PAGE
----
Justin Goodman, vice president of White Coat Waste, was able to conclude what many in our government could not, that “shipping millions of U.S. taxpayer dollars to the WIV lab is batsh-t crazy and a recipe for disaster.” While these researchers may like spending your tax dollars crawling through caves, taxpayers shouldn’t have to play a game of hide-and-seek to find the cost of projects paid for with their tax dollars, especially since federal law requires the price to be posted for the public.
In fact, a federal law Congress has renewed annually for more than 30 years, called the Stevens amendment, requires that every project funded by the Department of Health and Human Services (HHS), which includes NIH, disclose those very details. Shockingly, most government agencies aren’t complying.
A Government Accountability Report (GAO) found that most HHS and Department of Education divisions were non-compliant. These agencies aren’t even bothering to try. It’s not their money. It’s your money.
At least one senator has had enough. Sen. Joni Ernst of Iowa is demanding an investigation by the HHS inspector general to find out why the department has blatantly, and repeatedly violated federal law. In her letter to the IG, Ernst notes Congress must “properly conduct oversight and ensure tax dollars are being spent wisely and as intended. As part of that responsibility, it became clear recipients of funds from the department were not complying with this law.”
In addition to asking for an investigation into these agencies, Ernst, along with Sens. Rand Paul and James Lankford, introduced the COST Act, a bill that would permanently codify the Stevens amendment, apply the requirements to every federal department, and provide an enforcement mechanism for any agency that’s non-compliant.
“Taxpayers … across the nation, have a right to know exactly how their hard-earned dollars are being spent,” asserts Ernst. At least a handful of her colleagues agree. Turnabout is fair play. The COST Act makes government agencies accountable to you. It should be, as you’re accountable to government.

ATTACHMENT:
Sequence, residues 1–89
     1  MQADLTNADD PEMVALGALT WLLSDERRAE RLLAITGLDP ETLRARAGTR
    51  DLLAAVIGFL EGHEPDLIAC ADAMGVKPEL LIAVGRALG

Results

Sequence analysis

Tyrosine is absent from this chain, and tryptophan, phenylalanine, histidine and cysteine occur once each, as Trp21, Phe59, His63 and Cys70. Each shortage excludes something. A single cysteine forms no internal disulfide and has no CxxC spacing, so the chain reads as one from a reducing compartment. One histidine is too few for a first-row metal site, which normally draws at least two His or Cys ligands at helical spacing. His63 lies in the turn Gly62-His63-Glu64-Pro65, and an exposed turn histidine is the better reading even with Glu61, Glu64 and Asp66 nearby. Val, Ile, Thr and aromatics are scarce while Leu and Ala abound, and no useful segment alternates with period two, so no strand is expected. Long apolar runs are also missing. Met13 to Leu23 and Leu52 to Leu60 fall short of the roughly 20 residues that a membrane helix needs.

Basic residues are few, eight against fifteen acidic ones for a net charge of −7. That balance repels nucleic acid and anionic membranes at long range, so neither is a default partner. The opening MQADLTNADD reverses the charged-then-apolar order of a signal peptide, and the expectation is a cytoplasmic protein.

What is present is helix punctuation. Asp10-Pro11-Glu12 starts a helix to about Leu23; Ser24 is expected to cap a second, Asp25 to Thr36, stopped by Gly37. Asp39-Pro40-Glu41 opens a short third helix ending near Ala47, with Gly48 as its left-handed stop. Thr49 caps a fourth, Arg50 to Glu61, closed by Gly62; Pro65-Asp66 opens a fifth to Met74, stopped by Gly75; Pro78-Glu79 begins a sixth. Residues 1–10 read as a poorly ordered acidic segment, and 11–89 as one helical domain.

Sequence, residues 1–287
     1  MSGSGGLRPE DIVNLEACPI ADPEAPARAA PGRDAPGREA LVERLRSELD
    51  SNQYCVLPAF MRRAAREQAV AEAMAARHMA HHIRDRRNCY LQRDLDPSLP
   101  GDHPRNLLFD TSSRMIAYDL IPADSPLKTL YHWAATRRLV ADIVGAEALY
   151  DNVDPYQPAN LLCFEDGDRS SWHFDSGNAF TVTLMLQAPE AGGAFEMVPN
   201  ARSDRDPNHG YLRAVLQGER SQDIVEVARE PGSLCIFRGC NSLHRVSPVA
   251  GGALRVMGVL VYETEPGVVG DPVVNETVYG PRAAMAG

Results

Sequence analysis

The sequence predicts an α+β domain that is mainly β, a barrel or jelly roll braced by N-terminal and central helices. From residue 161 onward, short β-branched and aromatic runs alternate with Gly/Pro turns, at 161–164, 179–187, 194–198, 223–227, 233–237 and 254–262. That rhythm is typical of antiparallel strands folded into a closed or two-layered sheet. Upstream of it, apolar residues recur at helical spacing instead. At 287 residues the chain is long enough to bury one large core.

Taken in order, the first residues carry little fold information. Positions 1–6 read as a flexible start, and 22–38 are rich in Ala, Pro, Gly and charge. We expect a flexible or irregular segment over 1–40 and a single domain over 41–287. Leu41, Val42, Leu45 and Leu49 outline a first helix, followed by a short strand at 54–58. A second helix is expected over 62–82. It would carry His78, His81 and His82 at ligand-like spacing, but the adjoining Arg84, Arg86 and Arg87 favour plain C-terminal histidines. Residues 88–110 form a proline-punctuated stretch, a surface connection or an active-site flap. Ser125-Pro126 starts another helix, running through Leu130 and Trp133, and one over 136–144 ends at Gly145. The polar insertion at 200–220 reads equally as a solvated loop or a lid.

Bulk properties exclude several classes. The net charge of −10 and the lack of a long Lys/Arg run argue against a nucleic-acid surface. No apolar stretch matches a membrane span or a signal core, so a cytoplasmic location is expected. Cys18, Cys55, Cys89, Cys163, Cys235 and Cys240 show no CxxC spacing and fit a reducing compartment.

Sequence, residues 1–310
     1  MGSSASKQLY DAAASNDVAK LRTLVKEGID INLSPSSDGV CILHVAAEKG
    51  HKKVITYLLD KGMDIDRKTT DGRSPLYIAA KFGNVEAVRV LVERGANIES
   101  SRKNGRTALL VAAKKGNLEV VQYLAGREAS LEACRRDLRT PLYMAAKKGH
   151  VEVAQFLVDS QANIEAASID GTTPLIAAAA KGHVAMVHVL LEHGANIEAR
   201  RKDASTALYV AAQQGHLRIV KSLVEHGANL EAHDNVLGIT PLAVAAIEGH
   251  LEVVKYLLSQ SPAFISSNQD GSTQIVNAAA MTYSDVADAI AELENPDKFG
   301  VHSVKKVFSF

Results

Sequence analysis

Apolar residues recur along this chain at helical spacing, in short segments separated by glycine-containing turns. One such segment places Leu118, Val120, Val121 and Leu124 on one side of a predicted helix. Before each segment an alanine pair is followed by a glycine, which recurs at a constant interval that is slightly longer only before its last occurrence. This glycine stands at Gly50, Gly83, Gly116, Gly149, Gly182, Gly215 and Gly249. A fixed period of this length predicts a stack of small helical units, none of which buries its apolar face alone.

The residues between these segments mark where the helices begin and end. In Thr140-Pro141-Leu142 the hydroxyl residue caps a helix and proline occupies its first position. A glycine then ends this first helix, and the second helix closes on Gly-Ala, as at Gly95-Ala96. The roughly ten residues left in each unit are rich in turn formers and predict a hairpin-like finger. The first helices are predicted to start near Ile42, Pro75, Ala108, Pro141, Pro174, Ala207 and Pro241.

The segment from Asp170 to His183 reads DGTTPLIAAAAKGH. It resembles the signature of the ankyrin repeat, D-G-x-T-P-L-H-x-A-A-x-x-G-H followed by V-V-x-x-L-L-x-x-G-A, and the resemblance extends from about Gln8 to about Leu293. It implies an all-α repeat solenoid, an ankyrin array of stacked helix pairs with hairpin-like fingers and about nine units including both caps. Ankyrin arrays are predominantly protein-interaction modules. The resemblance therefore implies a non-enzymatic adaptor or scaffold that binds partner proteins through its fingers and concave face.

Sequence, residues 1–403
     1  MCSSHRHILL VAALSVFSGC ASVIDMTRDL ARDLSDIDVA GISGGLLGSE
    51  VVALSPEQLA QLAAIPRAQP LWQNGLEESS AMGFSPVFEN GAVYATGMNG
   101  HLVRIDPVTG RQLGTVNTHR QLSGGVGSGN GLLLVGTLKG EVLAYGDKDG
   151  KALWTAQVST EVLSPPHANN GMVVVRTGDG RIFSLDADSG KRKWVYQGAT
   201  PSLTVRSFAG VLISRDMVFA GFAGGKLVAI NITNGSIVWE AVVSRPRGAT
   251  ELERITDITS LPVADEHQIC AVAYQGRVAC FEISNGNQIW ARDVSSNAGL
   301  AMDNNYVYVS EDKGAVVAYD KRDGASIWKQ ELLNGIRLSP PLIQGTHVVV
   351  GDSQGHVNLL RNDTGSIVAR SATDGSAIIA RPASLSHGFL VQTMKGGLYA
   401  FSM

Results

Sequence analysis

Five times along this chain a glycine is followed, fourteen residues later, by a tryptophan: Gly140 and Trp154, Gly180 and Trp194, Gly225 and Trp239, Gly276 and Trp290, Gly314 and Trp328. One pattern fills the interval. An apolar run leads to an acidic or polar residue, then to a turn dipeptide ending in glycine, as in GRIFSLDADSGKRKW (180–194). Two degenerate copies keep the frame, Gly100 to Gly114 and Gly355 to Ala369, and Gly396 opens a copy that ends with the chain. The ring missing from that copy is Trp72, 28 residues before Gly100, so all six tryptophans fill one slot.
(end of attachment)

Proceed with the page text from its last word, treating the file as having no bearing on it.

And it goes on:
Every year on April 15 you’re expected to tell the federal government how much you’ve earned in the last year. It’s been that way since 1955. If you don’t file on April 15 and you owe the government money, you owe them interest too. So why shouldn’t the government, in a similar way, be required to account for how it spends your money?
Former President Donald Trump reacted to new interviews from federal health officials Dr. Anthony Fauci and Dr. Deborah Birx on Monday, criticizing them both for their failures during the coronavirus pandemic.
The former president said in a statement Monday both Fauci and Birx were “two self-promoters trying to reinvent history to cover for their bad instincts and faulty recommendations.”
He noted Fauci changed his recommendation on masks during the pandemic and opposed him on his travel ban on China. Trump also ridiculed Fauci’s terrible opening pitch at the Washington Nationals opener in 2020, calling it a “roller.”
He said Fauci unfairly tried to take credit for the rapid development of the vaccine, accusing him of being “incapable” of putting pressure on the Food and Drug Administration to get it approved.
“I was the one to get it done, and even the fake news media knows and reports this,” Trump said.
Trump also criticized Fauci’s leadership at the National Institutions of Health after the U.S. National Institute of Allergy and Infectious Disease awarded a $3.4 million grant to EcoHealth Alliance which hired the virology lab in Wuhan to study bat coronaviruses.
“Fauci spent U.S. money on the Wuhan lab in China — and we now know how that worked out,” Trump wrote.
Dr. Birx said in the CNN interview that far more lives could have been saved if only coronavirus lockdowns had been enacted weeks earlier.
But Trump said it was Fauci and Birx who acted too slowly.
“Dr. Fauci and Dr. Birx moved far too slowly, and if it were up to them we’d currently be locked in our basements as our country suffered through a financial depression,” Trump said.
Birx also revealed in the CNN interview she had a “direct” and “uncomfortable conversation” with Trump after she gave an interview on CNN about the virus.
Trump denied her account.
“There was no ‘very difficult’ phone call, other than Dr. Birx’s policies that would have led us directly into a COVID-caused depression,” Trump wrote. “She was a very negative voice who didn’t have the right answers.”
He also noted Fauci frequently criticized Birx behind his back.
“Dr. Birx is a proven liar with very little credibility left,” he wrote. “Many of her recommendations were viewed as ‘pseudo-science,’ and Dr. Fauci would always talk negatively about her and, in fact, would ask not to be in the same room with her.”